Morecambe MP denies election bus expense claim breach

David Morris during the 2015 General Election count.
David Morris during the 2015 General Election count.
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The MP for Morecambe and Lunesdale has denied any wrongdoing over General Election expense claims.

David Morris was one of 24 Conservative MPs named in a national newspaper probe into money spent on a campaign ‘Battle Bus’ during the 2015 election.

The Daily Mirror says Mr Morris and others could have broken election laws by not declaring the cost of the ‘Battle Bus’ as part of his local campaign budget.

But Mr Morris said the claim was made correctly by Conservative Campaign Headquarters.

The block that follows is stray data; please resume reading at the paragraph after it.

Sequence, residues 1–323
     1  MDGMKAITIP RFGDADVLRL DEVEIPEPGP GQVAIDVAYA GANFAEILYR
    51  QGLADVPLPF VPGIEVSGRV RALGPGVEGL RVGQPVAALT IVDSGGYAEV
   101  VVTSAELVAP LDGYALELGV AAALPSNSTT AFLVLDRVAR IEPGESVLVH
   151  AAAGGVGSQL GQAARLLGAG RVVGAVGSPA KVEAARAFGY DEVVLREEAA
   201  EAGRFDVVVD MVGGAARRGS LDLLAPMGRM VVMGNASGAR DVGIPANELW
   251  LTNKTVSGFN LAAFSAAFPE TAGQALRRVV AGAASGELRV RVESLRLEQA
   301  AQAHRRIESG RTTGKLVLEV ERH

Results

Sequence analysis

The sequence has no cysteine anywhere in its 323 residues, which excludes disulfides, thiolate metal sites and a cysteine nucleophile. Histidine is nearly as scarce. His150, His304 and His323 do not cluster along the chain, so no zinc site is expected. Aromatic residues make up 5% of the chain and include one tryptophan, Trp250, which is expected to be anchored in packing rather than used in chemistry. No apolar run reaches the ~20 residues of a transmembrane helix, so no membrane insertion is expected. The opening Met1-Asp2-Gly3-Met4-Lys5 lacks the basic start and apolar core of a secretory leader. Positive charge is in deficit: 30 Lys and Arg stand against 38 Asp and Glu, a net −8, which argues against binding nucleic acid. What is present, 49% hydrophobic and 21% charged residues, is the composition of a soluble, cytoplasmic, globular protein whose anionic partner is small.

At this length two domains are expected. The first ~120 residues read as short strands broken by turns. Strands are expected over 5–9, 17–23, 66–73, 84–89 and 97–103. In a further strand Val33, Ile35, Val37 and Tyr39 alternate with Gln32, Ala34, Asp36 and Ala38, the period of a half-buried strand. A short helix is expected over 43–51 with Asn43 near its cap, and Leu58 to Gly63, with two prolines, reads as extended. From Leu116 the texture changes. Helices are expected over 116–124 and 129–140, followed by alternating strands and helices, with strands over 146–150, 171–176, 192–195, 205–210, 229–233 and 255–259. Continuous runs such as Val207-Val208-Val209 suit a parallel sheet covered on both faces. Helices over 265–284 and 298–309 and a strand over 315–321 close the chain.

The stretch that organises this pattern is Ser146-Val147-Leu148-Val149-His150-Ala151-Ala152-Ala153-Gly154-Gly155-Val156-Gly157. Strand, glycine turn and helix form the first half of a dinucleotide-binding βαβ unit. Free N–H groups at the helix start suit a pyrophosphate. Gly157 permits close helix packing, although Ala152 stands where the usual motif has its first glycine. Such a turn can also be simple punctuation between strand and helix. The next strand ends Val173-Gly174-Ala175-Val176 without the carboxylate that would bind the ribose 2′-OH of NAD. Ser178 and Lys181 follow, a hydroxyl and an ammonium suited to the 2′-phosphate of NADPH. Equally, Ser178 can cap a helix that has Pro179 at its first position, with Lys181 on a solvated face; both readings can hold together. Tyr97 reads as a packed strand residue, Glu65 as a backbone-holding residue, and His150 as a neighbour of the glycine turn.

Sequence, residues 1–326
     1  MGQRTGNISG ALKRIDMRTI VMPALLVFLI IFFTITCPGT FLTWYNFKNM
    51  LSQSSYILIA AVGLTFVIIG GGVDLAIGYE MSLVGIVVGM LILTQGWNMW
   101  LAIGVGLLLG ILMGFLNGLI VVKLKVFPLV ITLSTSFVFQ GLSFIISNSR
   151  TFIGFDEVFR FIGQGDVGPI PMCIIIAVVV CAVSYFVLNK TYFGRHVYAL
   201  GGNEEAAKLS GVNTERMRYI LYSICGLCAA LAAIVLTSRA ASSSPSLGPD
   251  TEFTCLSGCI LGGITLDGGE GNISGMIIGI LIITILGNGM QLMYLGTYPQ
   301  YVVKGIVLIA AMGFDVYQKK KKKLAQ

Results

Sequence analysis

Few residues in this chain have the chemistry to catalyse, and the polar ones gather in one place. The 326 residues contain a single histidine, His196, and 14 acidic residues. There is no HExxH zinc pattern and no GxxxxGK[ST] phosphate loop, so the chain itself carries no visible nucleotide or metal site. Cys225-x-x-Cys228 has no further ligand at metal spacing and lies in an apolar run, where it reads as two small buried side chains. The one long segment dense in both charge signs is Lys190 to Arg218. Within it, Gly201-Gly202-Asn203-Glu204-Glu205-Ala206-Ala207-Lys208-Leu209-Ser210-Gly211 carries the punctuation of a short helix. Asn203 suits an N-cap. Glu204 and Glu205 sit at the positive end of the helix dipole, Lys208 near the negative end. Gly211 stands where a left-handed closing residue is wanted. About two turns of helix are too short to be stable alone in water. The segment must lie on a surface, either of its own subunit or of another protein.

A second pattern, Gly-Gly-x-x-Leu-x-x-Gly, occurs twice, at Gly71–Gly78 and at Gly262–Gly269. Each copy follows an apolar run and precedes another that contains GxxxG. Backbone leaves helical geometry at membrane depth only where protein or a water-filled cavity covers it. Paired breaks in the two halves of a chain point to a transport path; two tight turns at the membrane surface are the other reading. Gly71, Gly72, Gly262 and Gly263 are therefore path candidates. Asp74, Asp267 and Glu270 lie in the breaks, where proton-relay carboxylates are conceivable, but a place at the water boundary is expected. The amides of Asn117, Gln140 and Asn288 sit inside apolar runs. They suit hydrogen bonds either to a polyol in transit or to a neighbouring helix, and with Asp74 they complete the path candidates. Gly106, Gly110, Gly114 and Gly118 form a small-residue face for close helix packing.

“My election expense return for the 2015 election was completed and returned by my election agent in accordance with the law,” said Mr Morris.

“It included all items authorised by my election agent for use in my campaign.

“I signed the necessary declaration on that basis.

“I am aware that CCHQ campaigned across the UK for the return of a Conservative Government, including in seats such as mine.

“Such campaigning would be part of the national return not within our local return.”

Candidates must not exceed strict local campaign spending limits in the run-up to an election.

A breach is a criminal offence and could even lead to a demand for a by-election. Anyone found guilty of an offence could face imprisonment or a hefty fine.

Electoral Commission rules on campaign spending state that items that promote the candidate are likely to count towards the candidate’s spending limit, while items that promote the party are likely to be covered by the rules on party campaign expenditure.